Judging by the competition for licences in the most recent round of bidding, there is still a great deal of commercial interest in extracting North Sea oil. In this round, 80% of the blocks have been taken by a wide range of companies from the large such as BP and Statoil as well as smaller emerging companies like Aberdeen-based Speedwell, Actis and Jetex
‘Industry expert’ Paul de Leeuw from Robert Gordon University has said:
‘Over the last few years, the industry has been predominantly focused on reducing cost and improving efficiency,…So it is great to see that there is a renewed appetite for competing in licencing rounds….Given the challenging circumstances over the last few years and the competition with other basins around the world, it is very positive that around 80% of the blocks on offer were awarded in this supplemental round.
This would seem to contradict the words of Nexen UK boss who recently described North Sea Oil as ‘marginal industry.’
This is kind of contrary to the reports I’ve been seeing elsewhere suggesting Brexit could lead to a power grab by Westminster and at the very least a diminution of devolution.
According to the House of Lords EU committee:
‘The Scottish Parliament will automatically receive powers “by default” over fishing and farming once the UK leaves the European Union.’
Here are the key extracts from the report as covered by STV:
‘The committee believes only a change of law setting out what powers are reserved back to Westminster before the UK officially ceases to be in the EU could stop the transfer of responsibilities to Edinburgh, Cardiff and Belfast….We doubt that either the UK Government or parliament has the capacity to undertake such a task at the same time as achieving a successful Brexit…..But the basic fact remains that Brexit will result in more powers for the Scottish Parliament, as has been made clear by the Secretary of State for Scotland when the EU Withdrawal Bill was published.’
In 2011, there were 5 500 women registered to play football in Scotland. Now there are nearly 13 000!
By the time you read this we might know if our team has beaten England in the opening match in the UEFA Women‘s EURO 2017 finals in The Netherlands. Either way it’s a good news story to see such phenomenal growth in such a short time.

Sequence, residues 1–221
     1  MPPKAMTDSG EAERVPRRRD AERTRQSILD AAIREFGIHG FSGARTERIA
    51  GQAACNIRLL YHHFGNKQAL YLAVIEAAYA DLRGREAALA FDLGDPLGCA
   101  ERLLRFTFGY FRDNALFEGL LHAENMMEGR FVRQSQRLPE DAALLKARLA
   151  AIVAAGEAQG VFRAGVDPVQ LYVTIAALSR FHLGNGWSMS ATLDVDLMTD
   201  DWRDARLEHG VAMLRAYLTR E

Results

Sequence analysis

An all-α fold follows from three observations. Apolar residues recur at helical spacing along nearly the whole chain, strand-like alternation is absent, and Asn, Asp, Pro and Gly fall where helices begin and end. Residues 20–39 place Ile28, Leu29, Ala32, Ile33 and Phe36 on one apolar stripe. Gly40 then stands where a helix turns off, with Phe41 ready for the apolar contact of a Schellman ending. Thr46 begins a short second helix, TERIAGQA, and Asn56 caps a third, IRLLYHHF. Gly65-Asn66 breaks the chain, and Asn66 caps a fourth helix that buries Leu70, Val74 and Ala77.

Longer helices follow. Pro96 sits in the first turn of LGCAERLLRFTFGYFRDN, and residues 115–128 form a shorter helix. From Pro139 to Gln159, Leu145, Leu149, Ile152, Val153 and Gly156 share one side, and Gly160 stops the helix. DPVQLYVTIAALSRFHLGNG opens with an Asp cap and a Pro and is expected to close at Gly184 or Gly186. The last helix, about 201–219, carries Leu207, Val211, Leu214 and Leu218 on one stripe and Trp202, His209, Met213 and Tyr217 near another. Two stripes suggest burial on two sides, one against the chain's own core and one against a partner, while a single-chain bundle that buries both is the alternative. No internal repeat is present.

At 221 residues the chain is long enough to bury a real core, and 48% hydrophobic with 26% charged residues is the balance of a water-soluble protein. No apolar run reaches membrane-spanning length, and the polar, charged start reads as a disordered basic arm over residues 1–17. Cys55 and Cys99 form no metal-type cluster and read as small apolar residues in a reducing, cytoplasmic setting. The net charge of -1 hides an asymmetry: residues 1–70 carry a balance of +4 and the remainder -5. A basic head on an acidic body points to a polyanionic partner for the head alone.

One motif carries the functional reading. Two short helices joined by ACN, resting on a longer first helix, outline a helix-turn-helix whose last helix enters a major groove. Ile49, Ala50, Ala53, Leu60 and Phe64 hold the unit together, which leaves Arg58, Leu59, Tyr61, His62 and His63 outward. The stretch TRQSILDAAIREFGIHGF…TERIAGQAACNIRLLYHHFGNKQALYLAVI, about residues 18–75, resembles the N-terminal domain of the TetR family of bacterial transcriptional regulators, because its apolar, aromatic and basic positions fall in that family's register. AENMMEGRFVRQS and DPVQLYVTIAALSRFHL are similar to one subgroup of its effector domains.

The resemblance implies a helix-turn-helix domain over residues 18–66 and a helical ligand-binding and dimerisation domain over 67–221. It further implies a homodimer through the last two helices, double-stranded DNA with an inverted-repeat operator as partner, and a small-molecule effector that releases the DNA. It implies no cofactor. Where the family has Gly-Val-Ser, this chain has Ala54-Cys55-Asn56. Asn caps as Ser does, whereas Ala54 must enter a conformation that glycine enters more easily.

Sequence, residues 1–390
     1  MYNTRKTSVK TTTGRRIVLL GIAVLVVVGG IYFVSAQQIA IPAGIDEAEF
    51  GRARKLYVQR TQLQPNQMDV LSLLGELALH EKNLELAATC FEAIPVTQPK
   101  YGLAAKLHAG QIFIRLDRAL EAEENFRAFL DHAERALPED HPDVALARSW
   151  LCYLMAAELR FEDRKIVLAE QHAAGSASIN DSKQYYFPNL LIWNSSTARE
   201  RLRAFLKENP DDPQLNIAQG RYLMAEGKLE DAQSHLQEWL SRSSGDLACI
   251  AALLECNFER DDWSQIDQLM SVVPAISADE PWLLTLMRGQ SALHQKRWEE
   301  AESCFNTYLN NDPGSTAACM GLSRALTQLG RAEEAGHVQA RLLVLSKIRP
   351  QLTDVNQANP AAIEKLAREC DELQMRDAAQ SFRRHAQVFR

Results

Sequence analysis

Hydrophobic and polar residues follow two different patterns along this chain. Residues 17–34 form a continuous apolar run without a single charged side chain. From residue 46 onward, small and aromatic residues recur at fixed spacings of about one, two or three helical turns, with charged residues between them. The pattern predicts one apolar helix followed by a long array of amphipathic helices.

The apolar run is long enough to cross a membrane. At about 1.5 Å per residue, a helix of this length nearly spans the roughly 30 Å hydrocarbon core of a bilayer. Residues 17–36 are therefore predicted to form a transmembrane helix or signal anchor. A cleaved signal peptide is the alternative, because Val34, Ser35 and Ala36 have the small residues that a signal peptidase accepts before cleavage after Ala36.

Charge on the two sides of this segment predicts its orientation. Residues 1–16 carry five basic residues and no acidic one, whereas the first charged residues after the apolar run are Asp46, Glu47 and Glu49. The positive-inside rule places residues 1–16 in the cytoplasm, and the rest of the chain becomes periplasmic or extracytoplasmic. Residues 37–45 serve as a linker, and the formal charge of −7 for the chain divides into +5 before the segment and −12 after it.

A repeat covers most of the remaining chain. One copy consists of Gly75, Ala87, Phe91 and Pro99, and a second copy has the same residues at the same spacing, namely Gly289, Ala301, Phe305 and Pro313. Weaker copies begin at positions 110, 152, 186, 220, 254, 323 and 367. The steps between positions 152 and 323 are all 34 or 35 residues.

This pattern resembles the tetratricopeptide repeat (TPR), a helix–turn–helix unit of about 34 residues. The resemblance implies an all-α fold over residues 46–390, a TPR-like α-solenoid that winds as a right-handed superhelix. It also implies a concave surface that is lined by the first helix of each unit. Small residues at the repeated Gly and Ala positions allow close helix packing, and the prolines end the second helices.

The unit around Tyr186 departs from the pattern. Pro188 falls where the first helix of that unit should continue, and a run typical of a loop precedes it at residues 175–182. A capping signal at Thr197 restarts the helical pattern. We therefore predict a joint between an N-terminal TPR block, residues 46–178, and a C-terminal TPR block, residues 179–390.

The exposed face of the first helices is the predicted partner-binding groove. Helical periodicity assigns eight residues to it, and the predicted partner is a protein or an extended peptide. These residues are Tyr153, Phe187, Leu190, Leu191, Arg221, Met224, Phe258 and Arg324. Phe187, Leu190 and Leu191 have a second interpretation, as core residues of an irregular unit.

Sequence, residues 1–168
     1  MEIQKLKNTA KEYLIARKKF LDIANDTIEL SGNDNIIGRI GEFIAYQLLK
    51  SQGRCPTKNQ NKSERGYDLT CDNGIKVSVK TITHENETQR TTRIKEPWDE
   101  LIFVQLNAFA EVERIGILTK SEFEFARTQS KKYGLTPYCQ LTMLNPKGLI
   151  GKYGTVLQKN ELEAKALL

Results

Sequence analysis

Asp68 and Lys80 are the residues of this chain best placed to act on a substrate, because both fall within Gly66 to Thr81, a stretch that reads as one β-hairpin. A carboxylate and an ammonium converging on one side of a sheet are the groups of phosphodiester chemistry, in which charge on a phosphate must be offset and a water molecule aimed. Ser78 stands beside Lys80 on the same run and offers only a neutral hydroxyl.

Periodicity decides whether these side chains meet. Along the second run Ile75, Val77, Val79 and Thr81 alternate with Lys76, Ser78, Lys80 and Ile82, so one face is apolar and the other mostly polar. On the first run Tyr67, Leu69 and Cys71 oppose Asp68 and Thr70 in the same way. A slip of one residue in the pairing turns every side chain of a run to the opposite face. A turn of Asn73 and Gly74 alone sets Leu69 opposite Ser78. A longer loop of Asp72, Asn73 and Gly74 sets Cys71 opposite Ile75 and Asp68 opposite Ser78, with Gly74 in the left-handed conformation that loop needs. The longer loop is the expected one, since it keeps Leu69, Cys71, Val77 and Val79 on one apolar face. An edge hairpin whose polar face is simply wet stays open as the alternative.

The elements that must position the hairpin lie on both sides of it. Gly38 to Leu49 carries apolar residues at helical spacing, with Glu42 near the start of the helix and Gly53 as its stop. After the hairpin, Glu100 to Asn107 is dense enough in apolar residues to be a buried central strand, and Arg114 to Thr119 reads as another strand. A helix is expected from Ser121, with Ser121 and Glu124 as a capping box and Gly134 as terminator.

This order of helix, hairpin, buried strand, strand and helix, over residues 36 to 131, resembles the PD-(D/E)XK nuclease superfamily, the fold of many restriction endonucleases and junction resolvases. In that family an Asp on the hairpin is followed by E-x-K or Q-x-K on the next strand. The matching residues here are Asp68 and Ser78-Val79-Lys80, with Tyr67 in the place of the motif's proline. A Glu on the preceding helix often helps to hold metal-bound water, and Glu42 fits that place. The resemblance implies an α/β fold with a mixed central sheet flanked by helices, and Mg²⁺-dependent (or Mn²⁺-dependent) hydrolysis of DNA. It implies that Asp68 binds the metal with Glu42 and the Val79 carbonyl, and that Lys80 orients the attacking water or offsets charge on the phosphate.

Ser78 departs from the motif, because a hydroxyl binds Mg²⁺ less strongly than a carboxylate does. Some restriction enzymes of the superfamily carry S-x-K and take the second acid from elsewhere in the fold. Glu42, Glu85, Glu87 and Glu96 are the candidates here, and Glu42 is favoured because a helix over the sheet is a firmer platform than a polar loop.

The Scotland Head Coach said:
‘To start against England, I think it’s great to have that game. It will be a very, very, tough game for us but I think I’ts good to be right into the tournament immediately from the first minute.’
Forth Ports Authority have bid for the loan to build 1 000 affordable homes on derelict ground in the Western Harbour. You’ll be aware that there is a massive demand for such housing across the UK and that the Scottish government is building twice as many per capita as is the English government.
Big increase in affordable housing supply down to Scottish Government investment
This is a massive build which will make a real difference to the situation in Edinburgh. Those with a joint household income of less than £39,000 and are economically active will be able to apply. The government initiative has been described as innovative by the ports authority.
Credit: PA Images
Good news about the Scottish economy seems endless these days. We’ve recently heard:
Unemployment at record low, employment up, economy growing, youth unemployment amongst lowest in Europe, business confidence increasing, oil jobs returning, health indicators improving to world’s best: That’ll be Norway? No? Scotland!? SNP baaaad!
Now Swedish payments firm iZettle’s survey ranks Scotland as: ‘the best place in the UK to start a business, thanks to five key factors.’
The five factors are:
According to the survey, reported in the Scotsman, respondents said parents and partners are their biggest champions, believed that having a “warrior spirit” is a key trait to thrive as a small business and if they had the choice they would do it all over again.